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THE HE life of Cowley, notwith standing the penury of English biography, has been written by Dr. Sprat, an author whofe pregnancy of imagination and elegance of language have defervedly fet him high in the ranks of literature; but his zeal of friendship, or ambition of eloquence, has produced a funeral oration rather than a history he has given the character, not the life of Cowley; for he




writes with fo little detail, that scarcely any thing is diftinctly known, but all is fhown confufed and enlarged through the mift of panegyrick.

ABRAHAM COWLEY was born in the year one thoufand fix hundred and eighteen. His father was a grocer, whofe condition Dr. Sprat conceals under the general appellation of a citizen; and, what would probably not have been lefs carefully fuppreffed, the omiffion of his name in the register of St. Dunstan's parifh, gives reafon to fufpect that his father was a fectary. Whoever he was, he died before the birth of his fon, and confequently left him to the care of his mother; whom Wood reprefents as ftruggling earnest

ly to procure him a literary education, and who, as fhe lived to the age of eighty, had her folicitude rewarded by feeing her fon eminent, and, I hope, by feeing him fortunate, and partaking his profperity. We know at least, from Sprat's account, that he always acknowledged her care, and justly paid the dues of filial gratitude.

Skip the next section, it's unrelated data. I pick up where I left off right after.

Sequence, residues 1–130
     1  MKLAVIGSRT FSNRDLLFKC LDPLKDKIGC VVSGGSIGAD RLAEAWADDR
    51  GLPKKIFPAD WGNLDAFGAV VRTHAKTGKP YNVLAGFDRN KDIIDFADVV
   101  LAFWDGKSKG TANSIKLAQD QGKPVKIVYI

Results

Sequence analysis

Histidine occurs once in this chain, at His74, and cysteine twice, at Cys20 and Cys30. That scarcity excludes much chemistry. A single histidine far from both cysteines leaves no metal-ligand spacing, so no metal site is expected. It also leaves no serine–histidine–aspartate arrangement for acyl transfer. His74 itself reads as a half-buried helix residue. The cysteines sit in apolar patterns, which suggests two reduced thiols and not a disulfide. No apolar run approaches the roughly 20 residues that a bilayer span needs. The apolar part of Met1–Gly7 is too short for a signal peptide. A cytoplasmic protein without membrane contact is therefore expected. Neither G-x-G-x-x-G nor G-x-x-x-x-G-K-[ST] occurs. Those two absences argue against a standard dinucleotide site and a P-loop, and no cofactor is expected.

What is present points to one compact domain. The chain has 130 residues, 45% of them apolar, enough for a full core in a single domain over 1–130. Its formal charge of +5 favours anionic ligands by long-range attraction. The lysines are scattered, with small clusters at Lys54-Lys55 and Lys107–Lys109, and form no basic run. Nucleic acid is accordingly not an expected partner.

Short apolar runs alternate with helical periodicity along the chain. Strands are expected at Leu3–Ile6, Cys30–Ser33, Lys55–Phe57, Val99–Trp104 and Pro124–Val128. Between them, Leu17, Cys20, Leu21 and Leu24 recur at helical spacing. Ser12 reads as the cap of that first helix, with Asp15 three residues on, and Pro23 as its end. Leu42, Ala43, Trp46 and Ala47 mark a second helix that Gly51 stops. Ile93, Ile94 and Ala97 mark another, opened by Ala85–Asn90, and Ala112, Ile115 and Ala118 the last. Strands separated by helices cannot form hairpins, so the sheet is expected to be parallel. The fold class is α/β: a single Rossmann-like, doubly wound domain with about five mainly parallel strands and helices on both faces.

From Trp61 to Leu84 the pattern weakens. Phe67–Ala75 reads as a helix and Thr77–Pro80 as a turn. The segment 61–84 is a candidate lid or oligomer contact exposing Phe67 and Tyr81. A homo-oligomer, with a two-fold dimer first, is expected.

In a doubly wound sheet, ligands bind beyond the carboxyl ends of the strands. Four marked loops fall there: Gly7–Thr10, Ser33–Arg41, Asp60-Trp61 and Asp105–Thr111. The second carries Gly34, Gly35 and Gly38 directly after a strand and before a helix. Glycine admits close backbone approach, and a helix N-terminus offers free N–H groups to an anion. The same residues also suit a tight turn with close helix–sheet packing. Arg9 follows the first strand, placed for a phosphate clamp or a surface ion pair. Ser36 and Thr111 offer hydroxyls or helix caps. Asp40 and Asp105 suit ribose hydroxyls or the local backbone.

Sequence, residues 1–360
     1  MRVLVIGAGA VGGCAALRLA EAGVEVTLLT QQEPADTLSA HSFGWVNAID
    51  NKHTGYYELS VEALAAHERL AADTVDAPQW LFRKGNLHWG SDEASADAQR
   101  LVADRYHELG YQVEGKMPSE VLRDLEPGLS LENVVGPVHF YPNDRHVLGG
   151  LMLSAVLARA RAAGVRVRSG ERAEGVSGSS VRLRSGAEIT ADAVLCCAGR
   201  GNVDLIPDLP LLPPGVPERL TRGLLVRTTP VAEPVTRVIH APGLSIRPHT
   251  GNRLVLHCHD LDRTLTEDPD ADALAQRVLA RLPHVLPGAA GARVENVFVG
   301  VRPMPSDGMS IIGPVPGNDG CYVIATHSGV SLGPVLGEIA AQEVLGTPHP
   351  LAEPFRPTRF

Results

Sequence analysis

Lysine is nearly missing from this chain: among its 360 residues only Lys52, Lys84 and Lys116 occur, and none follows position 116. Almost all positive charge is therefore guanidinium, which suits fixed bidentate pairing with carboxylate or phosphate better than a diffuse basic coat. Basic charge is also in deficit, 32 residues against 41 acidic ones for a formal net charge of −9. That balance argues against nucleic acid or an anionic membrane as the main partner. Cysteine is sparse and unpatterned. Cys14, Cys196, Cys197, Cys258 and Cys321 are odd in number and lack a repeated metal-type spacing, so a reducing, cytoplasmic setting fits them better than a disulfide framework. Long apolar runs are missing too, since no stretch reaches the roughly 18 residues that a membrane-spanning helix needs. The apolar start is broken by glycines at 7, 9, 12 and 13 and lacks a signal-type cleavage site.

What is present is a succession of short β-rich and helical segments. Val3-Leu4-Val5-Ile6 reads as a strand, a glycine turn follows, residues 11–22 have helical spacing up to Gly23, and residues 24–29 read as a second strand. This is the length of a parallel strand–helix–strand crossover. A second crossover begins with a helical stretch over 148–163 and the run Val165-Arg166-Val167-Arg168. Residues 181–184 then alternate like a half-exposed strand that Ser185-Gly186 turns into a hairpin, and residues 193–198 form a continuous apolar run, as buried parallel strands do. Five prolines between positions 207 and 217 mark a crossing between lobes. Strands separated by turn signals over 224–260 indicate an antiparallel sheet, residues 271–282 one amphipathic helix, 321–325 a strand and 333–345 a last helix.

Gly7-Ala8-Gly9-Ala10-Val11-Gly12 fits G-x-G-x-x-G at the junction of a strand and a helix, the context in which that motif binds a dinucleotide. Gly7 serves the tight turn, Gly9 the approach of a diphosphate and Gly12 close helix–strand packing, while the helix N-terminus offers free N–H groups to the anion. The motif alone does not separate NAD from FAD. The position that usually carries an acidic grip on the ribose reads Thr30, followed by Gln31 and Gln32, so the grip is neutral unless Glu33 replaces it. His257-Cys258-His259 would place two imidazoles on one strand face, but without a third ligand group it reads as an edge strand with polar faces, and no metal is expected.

In the window of his mother's apartment lay Spenfer's Fairy Queen; in which he very early took delight to read, till, by feeling the charms of verfe, he became, as he relates, irrecoverably a Poet. Such are the accidents, which, fometimes remembered, and perhaps fometimes forgotten, produce that particular defignation of

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mind, and propenfity for fome certain fcience or employment, which is com monly called Genius. The true Ge nius is a mind of large general powers, accidentally determined to fome particular direction. The great painter of the prefent age had the firft fondness for his art excited by the perufal of Richardfon's treatise.

By his mother's folicitation he was admitted into Weftminster-fchool, where he was foon diftinguifhed. He was wont, fays Sprat, to relate; "That he

had this defect in his memory at "that time, that his teachers never could bring it to retain the ordinary "rules of grammar."

uma Reynolds.

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